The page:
Oakland city leaders Tuesday night voted unanimously to create a public safety task force that would ultimately cut the police department budget by 50% within the next two years.
The decision coincides with a national movement to defund police departments after George Floyd's death while in custody of Minneapolis police officers in May.
Oakland's new Reimagining Public Safety Task Force aims to overhaul public safety by finding alternatives to 911 calls and reallocating money to underfunded city programs such as housing, health services, jobs and homelessness, according to a report in the East Bay Times.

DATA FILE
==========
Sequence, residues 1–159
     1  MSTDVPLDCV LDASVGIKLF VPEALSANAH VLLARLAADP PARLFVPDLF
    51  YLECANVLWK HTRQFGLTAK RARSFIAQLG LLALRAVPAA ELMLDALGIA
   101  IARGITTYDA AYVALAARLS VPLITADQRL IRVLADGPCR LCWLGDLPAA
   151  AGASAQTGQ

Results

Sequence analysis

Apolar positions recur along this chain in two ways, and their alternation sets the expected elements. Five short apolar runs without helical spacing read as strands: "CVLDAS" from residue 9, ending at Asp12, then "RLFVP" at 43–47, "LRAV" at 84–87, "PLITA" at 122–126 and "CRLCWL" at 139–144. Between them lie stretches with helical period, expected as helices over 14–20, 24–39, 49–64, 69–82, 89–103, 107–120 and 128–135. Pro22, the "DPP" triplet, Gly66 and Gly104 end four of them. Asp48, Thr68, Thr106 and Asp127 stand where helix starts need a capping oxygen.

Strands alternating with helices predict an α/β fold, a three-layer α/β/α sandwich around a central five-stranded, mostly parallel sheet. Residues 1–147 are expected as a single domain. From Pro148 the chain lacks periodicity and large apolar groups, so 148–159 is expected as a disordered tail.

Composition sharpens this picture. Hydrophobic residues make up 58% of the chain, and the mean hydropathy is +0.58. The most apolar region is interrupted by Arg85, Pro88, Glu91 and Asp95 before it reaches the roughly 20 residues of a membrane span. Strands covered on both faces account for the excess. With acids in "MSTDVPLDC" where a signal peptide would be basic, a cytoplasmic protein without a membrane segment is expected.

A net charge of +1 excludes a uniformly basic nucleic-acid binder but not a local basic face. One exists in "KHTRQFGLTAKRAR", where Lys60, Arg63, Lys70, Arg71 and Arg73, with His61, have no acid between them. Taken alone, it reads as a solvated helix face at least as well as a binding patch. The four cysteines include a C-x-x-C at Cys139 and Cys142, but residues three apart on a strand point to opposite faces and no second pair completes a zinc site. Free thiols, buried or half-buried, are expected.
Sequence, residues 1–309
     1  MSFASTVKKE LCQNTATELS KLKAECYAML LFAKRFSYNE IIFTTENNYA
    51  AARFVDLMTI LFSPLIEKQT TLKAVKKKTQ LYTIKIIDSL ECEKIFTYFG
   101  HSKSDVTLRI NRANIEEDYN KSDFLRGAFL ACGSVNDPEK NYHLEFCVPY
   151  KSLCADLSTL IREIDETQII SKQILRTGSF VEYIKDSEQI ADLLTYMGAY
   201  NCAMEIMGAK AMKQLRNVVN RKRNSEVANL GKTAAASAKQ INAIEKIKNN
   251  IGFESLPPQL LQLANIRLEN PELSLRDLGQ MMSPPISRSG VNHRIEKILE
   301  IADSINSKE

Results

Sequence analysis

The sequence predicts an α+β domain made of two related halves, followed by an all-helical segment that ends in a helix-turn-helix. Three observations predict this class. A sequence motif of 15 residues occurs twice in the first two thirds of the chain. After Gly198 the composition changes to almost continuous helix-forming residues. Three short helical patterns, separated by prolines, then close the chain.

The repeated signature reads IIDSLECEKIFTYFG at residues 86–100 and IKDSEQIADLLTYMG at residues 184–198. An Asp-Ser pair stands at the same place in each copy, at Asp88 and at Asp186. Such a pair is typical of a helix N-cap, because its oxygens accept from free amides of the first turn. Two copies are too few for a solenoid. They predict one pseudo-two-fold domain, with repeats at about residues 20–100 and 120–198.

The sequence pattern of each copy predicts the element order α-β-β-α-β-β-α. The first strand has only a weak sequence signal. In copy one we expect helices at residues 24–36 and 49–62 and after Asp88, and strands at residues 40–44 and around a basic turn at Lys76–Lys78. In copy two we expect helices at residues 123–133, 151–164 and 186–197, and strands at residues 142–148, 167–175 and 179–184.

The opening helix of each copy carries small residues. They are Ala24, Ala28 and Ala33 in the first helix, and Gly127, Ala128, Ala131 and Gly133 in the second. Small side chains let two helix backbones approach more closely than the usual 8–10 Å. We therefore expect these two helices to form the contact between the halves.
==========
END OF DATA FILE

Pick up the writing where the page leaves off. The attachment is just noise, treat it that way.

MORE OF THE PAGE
The paper reports that OPD’S budget is 44% of the city’s general fund budget, compared with other cities' police departments being in the high 20% to low 30%.
Last week, the Oakland City Council rejected a proposal to cut nearly $3 million from the police department's budget and reallocate another $10.4 million. The council already voted in June to slash almost $15 million from the OPD budget.
The new task force is supposed to present final recommendations to the City Council in March, with a vote in June.